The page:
Younger Next Year?

By Lynn Steffes, PT, DPT*

A few years ago, I attended a local Anthem Blue Cross Blue Shield meeting and the keynote speaker was the previous medical director of Anthem.

He kicked off his presentation talking about health care in the United States and addressed how a paradigm shift away from sick care to health and wellness was essential. He referenced the stunning data that while in the previous 100 years we have increased our lifespan significantly we have done little to truly increase what he called our “healthspan.” Researchers offer that “You don’t want to live to be over 100 years old if the last 20 years of your life are spent in pain and sickness…We should not continue to pursue life extension without considering the health consequences of living longer lives.”1

My ears perked up as he spoke about the importance of healthcare professionals taking a proactive role in educating enrollees about certain lifestyle changes that really make a difference in their well-being as well as their cost of health care. Of course, the number one difference-maker he shared was exercise and physical activity followed by a reasonable diet. He then distributed the book, Younger Next Year for Women (Or Men), by Chris Crowley and Henry Lodge, MD.2 I listened attentively as he outlined the premise of the book and promoted that all healthcare providers should be having these discussions with their patients.

Fast-forward to my more recent passion for the role of physical therapists in lifestyle medicine.3 Physical therapists are not the only ones taking notice of this important trend! I follow chiropractic marketing literature and read a November 2019 article in Chiropractic Economics, “Healthy Aging and Senior Fitness for Your Practice” by Jeffry Tucker, DC.4 The chiropractic article offered specific strategies on creating and engaging “a vibrant 55+ (senior) culture within a practice.” Strategies outlined included “monitoring range of motion and movement” as well as working on things like squats and strength training. It struck me that this is something physical therapists do as a part of our everyday practice. The idea of physical therapists taking a lead in lifestyle medicine along with chiropractors and primary care providers is long overdue and may be an opportunity in your practice!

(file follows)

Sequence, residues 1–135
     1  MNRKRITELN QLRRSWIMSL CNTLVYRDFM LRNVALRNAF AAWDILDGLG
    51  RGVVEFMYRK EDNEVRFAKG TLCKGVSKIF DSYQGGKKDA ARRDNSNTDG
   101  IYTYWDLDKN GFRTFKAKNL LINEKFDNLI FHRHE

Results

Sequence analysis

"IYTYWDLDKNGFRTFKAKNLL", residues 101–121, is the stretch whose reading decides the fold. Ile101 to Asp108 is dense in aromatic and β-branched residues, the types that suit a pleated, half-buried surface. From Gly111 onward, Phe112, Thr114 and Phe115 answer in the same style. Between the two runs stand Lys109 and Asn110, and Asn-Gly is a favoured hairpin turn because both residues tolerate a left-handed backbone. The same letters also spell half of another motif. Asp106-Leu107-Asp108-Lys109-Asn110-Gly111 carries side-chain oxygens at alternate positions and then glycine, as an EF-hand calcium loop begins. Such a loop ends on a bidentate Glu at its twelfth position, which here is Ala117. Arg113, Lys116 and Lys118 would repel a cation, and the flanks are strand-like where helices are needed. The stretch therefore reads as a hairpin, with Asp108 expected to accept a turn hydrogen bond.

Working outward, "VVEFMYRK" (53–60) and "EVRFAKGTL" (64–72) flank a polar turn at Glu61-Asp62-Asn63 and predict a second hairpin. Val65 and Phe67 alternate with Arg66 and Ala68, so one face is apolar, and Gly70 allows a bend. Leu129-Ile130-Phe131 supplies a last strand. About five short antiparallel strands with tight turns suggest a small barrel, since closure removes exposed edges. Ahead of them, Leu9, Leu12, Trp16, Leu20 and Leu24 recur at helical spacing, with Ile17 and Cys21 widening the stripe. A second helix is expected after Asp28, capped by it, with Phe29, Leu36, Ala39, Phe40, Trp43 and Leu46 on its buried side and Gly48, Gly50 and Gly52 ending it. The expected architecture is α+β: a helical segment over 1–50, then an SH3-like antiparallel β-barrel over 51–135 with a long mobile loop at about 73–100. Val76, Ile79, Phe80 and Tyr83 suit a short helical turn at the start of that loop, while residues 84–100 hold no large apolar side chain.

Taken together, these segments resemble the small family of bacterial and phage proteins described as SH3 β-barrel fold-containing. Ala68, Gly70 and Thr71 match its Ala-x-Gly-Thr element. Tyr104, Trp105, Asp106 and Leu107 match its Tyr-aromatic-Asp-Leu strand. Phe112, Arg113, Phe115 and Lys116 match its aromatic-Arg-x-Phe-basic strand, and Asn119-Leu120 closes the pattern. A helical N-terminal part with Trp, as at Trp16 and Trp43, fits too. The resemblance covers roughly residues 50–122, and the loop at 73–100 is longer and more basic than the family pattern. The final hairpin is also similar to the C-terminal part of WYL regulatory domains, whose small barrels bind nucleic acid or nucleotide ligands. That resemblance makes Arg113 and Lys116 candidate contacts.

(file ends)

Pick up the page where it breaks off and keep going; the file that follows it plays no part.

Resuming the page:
I ask you: Do you have conversations with your patients about the ongoing need to stay flexible, strong, aerobically fit, and agile over the course of their aging? Do you specifically advocate for our role as their physical therapist in assisting them to be “Younger Next Year”? I think some of you do! However, I think we should all implement strategies to discuss how our patients might not only experience healthy aging but could aim for being “Younger Next Year”! Could your practice promote such a program to your patients?

I reached a milestone birthday in 2019 and I can tell you that I am in an uphill battle to stay active and young! Part of my arsenal is my physical therapist Amy Snyder, DPT from PT Plus in Milwaukee. When I strain a hamstring or pinch a nerve, I never think it means that my uphill battle is over. I just think I need to see Amy to get back in the game! If you are interested in attracting and retaining your patients as well as partnering with them to be “Younger Next Year,” consider adding a specific set of strategies to your practice! 

action item

1A Call to Focus on Extension of Healthspan, Not Lifespan. September 20, 2018.

2Crowley C, Lodge HS. Younger Next Year: Live Strong, Fit, and Sexy – Until You’re 80 and Beyond. New York, NY: Workman Publishing Company; 2007.

3Introduction & Basic Skills in Lifestyle Medicine for You, Your Patients, & Your Practice Setting. Medbridge website. Accessed February 7, 2020.

4 Tucker J. Healthy Aging, Senior Fitness Program for Your Practice. Chiropractice Economics website. November 5, 2019.

Lynn Steffes

Lynn Steffes, PT, DPT, is president and consultant of Steffes & Associates, a national rehabilitation consulting group focused on marketing and program development for private practices nationwide. She is an instructor in five physical therapy programs and has actively presented, consulted, and taught in 40 states. She can be reached at

*The author has a professional affiliation with this subject.

Copyright © 2018, Private Practice Section of the American Physical Therapy Association. All Rights Reserved.

Are you a PPS Member?
Please sign in to access site.
Enter Site!